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Publication numberUS3136474 A
Publication typeGrant
Publication dateJun 9, 1964
Filing dateOct 20, 1961
Priority dateOct 20, 1961
Publication numberUS 3136474 A, US 3136474A, US-A-3136474, US3136474 A, US3136474A
InventorsBernard J Schaus, Barton K Smith
Original AssigneeWeyerhaeuser Co
Export CitationBiBTeX, EndNote, RefMan
External Links: USPTO, USPTO Assignment, Espacenet
US 3136474 A
Abstract  available in
Previous page
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Claims  available in
Description  (OCR text may contain errors)

J1me 1964 B. J. SCHAUS ETAL 3,136,474

CONTAINER Filed Oct. 20, 1961 INVENTORS. Bernard J Schous Borion K. Smith BY Qf &

JTTflP/YEYS United States Patent Filed Oct. 20, 1961, Ser. No. 146,625 2 Claims. Cl. 229-41 This invention relates to a shipping container which may also be used as a stacking and display tray for the articles contained within it, and a method of making the container.

It has become common practice in the merchandising of fast-turnover consumer items, such as cans or cartons of food, to use the lower portion of the shipping container in which the items are shipped as a tray for stacking and displaying the articles. Thus, the articles cost less because they are handled less during their placement on the store shelves. The articles are more easily noticed because the tray identifies the articles and separates them from adjacent items. To form the tray, the side walls of the shipping contatiner may be cut with a knife and the container divided into upper and lower sections, the lower section forming the tray. Quite often, this may result in damage to paperboard cartons within the container.

Another method of forming the tray is to divide the shipping container into upper and lower sections by use of a tear strip of some type in the side wall of the container. This method often removes portions of the side wall of the tray and reduces the effectiveness of the tray.

It is therefore an object of this invention to provide a shipping container which may be formed into one or more display trays having intact side walls. It is a further object of this invention to provide a container having aligned alternating scarification and slits on the outer corrugated facing adjacent the lower edge of a tear strip on the inner periphery of the corrugated medium so that the wall will separate along a predetermined line.

It is also an object of this invention to provide a method of forming a line of alternating scarifications and slits in a liner or facing of a corrugated board.

These and other objects of this invention will become readily apparent upon a reading of the following specification in conjunction with the attached drawings.

FIGURE 1 is an isometric view of the container prior to being opened.

FIGURE 2 is an isometric exploded view of the container showing the separation of the sections of the container.

FIGURE 3 is a cross-sectional view along line 3--3 of FIGURE 1.

FIGURE 4 is a front plan view of a section of the side wall of the container.

Corrugated shipping container has a top wall 11, a bottom wall 12, and side walls 13, and may be divided into an upper section 20 and a lower, or tray, section 30 by a tear strip 14 of standard design formed on the inner liner, or facing, 15 of the corrugated side wall 13. Normally the edges 25 and 35 formed by this operation, which divides side walls 13 into upper panels 23 and lower panels 33, have a ragged appearance since the outer liner, or facing, 18 and, consequently, the corrugated medium 16 do not separate precisely along the line defined by tear strip 14. In many instances portions of the panels 33 and 23 are torn off so that the display material on the tray is removed and the effectiveness of the tray is reduced.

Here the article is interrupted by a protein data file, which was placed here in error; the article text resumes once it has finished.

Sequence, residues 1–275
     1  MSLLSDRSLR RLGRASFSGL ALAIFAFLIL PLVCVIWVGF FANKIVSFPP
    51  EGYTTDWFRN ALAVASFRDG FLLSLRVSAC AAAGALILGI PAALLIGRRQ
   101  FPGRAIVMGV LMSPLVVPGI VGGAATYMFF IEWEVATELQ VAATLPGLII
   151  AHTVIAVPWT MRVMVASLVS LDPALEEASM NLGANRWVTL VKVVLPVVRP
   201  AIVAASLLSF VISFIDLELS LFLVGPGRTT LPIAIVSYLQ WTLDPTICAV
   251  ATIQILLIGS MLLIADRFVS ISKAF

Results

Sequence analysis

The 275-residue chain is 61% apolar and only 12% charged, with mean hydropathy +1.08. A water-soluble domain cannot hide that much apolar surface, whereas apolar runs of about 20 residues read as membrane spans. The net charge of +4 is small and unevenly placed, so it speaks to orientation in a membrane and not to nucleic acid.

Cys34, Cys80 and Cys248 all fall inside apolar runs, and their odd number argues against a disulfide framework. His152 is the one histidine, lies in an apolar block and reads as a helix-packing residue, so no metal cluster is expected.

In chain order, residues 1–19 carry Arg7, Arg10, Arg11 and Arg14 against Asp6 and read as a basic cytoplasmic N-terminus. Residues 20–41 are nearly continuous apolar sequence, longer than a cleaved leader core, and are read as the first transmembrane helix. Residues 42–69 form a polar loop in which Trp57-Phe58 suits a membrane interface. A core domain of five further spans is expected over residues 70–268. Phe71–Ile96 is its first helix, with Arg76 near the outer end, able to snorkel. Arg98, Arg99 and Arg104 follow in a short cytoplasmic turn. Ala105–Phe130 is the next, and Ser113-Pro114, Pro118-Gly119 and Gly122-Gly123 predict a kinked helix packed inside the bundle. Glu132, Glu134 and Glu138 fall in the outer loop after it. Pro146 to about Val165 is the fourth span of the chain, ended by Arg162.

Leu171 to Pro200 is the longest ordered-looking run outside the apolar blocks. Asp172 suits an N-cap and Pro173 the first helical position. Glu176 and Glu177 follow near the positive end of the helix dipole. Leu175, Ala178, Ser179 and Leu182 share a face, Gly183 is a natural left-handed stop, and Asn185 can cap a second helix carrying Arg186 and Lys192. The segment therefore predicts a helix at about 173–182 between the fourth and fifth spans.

These problems may be prevented, however, by use of the present container. In this container, the outer liner 18 is scarified and slit along a line 40 adjacent the tray edge of tear strip 14. The slits 41 of line 40 extend through outer liner 18 only and do not extend into the corrugated medium 16 so that the strength of the corrugated board is not impaired. When the container is to be formed into a tray, the tear strip 14 separates outer liner 18, and consequently side wall 13, along line 40 so that the side panels 33 of the tray 30 will remain intact.

Scarified and slit line 40 may be formed either in the manufacturing operation or in the container blank diecutting operation. In both of these methods, which utilize the resiliency of the corrugated medium 16 to form the alternating slits and scarifications in the liner, the line 40 is formed transverse to the direction of the corrugations. As may be seen in FIGURES 3 and 4, the slits are formed in the liner 18 at 17, the points of attachment of the corrugated medium 16 to the liner 18, and the scarifications are formed between the slits 41 and between the points of attachment 17.

The line 40 may be formed during the corrugated board manufacturing operation by placing a knife under the board in a position in which it will penetrate the liner only. As the corrugated board passes over the knife the corrugated medium 16 will force the liner 18 downwardly against the upward force of the knife at the points of attachment 17 so that the liner 18 will be slit by the knife. Between points 17 there is no downward force and the liner 18 is forced upwardly by the knife and is scarified rather than slit.